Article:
The city of Oakwood is considering increasing starting pay for police officers by as much as 28% as the department grapples with a staffing shortage that has slashed its force by nearly half.
“We are at a point where we are — not at the breaking point, but we're at a point where we have to take action,” said City Manager B.R. White.
The shortage is serious enough that the Hall County Sheriff’s Office has stepped in to help respond to 911 calls during the night. It is not clear how long the arrangement might last, but White said they are mulling over the budget to make room for higher police pay, even before the start of the upcoming fiscal year for the city in January.
“A lot of what we're hearing when people leave is that they're going to better paying agencies or getting out of the profession for better pay,” said Oakwood Police Chief Tim Hatch.
The department is down 11 people, including officers, supervisors and investigators, and needs 24 for a full staff.
The entry-level salary for an officer in Oakwood is $35,402 – about one-third less than neighboring agencies. Gainesville pays a little over $50,000 after a 5-7% pay increase since last year. Hall County pays $50,310. In February, Flowery Branch upped its pay by $7,000 to $50,212. The city’s police chief, Chris Hulsey, complained of few applications and said they were “attracting some bad applicants” with troubling records.
Hatch said in February that the department “can get away with a lower starting salary” because it offers a “really competitive benefits package.”
Oakwood pays the full cost of medical insurance and retirement up to 25 years, after which it pays 90%; provides a new car every five years; and up to 480 hours of paid time off.
But it seems that better benefits are not enough to keep officers around or attract new ones. Many are opting for other agencies where salaries are higher.
“We already provide a benefits package that far exceeds most law enforcement agencies, but our pay scale, from what the applicants tell us, is a little low,” White said.
He said they are looking to increase the starting salary by $5,000 to $10,000, though they will likely do so in two phases, one this year and the other next year.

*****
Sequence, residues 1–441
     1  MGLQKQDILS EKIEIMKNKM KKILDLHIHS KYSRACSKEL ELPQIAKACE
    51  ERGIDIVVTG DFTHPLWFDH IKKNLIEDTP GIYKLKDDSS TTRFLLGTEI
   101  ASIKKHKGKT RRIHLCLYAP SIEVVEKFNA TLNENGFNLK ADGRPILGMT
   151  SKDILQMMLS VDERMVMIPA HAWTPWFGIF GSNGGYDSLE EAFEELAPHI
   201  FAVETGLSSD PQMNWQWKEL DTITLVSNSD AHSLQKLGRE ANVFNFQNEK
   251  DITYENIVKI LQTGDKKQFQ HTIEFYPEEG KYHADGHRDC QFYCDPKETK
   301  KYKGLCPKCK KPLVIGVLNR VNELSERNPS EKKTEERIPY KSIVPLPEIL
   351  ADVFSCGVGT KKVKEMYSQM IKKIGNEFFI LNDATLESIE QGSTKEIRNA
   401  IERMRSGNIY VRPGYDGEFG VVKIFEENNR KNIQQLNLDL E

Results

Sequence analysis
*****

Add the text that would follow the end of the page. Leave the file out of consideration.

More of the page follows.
“I think if we were in the area of $40 to $45,000, we'd definitely be more competitive,” Hatch said. “All of the agencies around here are competing for the same people, and we're all trying to get those good qualified candidates with clean backgrounds and nothing chasing from another agency to come to us, no hidden skeletons in the closet.”
The city will not raise property taxes to pay for higher police salaries. Instead, the raises would be funded by the surge in property tax revenues.
“We don't want to have to raise the millage rate,” White said. Property values increased by 38% since last year, he said, “and we don't feel that we need to burden the taxpayers with additional taxes.”
Police funding accounts for one-third of the city’s $8.32 million budget. White said the pay raises will cost the city $150,0000 to $200,000.
Mayor Lamar Scroggs and other city council members did not respond to multiple requests for comment. Councilwoman Sheri Millwood did respond, but she was reluctant to discuss the issue.
“I know that our city manager B.R. White and Chief Hatch has it under control, and they're taking care of things,” Millwood said.
Any budget changes, however, must be approved by the council.
“Our citizens can rest assured that we are being protected without interruption,” Millwood said. “I have received no calls from anyone expressing a concern about our police department.”
Hatch doesn’t think the shortage will hinder their ability to police the city.
“I don't feel that any given scenario would come up that would cause an undue amount of alarm to our citizens,” adding that neighboring agencies can assist when needed.
However, he is particularly worried about officer safety.
“What is more concerning to me is when those really tense, rapidly evolving, dangerous situations occur,” he said. “There's a level of safety that is more and more difficult to maintain with the fewer people out there that are trained to do that. So if you have a really bad domestic situation, we don't want to send just one officer to that, and really sometimes two is not necessarily good enough.”